Hundreds of refugees evacuated from 'inhumane' Manston immigration facility after overcrowding
Hundreds of asylum seekers at a notorious UK immigration processing centre have been evacuated after "dangerous overcrowding" at the site, according to local media.
Manston, a former military base, houses around 4,000 refugees, despite having space for only 1,600, leading to outbreaks of disease and people sleeping on floors.
Residents have variously described the camp as "filthy", where violence and scabies are common.
UK Home Secretary Suella Braverman had told the cabinet that "large numbers" of refugees had been taken from Manston to other accommodation to "help relieve pressure" on the site.
Coaches arrived at the site on Tuesday to evacuate refugees with Immigration Minister Robert Jenrick saying more will be escorted out on Wednesday but it is not yet clear how many were relocated.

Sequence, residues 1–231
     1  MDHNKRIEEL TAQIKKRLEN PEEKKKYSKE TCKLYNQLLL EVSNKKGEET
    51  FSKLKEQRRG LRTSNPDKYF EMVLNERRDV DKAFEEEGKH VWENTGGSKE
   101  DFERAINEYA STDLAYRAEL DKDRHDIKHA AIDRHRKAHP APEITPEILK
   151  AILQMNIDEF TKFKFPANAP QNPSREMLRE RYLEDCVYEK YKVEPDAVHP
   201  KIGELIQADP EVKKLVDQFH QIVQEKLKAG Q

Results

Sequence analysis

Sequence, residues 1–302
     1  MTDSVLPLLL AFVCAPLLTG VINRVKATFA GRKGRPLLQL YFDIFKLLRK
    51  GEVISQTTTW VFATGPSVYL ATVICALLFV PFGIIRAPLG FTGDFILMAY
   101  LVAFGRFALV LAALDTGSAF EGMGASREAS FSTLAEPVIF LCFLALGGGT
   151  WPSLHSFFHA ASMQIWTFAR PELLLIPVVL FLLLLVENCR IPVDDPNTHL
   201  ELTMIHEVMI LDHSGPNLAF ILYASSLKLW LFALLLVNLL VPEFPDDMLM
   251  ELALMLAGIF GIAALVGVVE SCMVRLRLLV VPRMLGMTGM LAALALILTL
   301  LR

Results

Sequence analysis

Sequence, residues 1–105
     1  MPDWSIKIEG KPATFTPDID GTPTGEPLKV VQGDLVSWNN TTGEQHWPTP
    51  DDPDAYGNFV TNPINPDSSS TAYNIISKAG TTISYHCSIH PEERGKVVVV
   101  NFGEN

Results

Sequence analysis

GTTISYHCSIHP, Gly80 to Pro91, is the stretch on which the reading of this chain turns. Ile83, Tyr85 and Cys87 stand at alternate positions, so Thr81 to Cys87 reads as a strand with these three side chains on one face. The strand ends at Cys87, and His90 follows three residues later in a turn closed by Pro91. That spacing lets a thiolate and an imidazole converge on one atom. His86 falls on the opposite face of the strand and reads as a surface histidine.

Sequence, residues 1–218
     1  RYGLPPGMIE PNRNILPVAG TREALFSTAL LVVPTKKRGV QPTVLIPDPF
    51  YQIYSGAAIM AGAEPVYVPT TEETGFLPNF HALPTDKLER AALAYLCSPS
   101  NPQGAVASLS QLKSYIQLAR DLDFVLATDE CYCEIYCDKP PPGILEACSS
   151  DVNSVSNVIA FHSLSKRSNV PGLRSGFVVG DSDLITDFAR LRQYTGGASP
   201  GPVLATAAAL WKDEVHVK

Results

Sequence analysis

"Thanks to the hard work and professionalism of Home Office and Border Force staff, military personnel and our contractors, we have made good progress," he said.
"Numbers of migrants have fallen substantially today [Tuesday] and we expect them to do so again tomorrow. Unless we receive an unexpectedly high number of migrants in small boats in the coming days, numbers will fall significantly this week."
Manston was intended to be a short-term processing centre for migrants who have made the dangerous crossing to the UK via the Channel.
The former RAF airfield has been described as "a prison" with residents denied access to outdoors and beds, according to the prisons watchdog.
Refugee rights activists have warned about growing anti-migrant sentiments in the UK, in part fanned by volatile rhetoric on the issue by politicians, including members of the government.
Last week, a 66-year-old man threw between two and three petrol bombs at an immigration processing centre in southern England.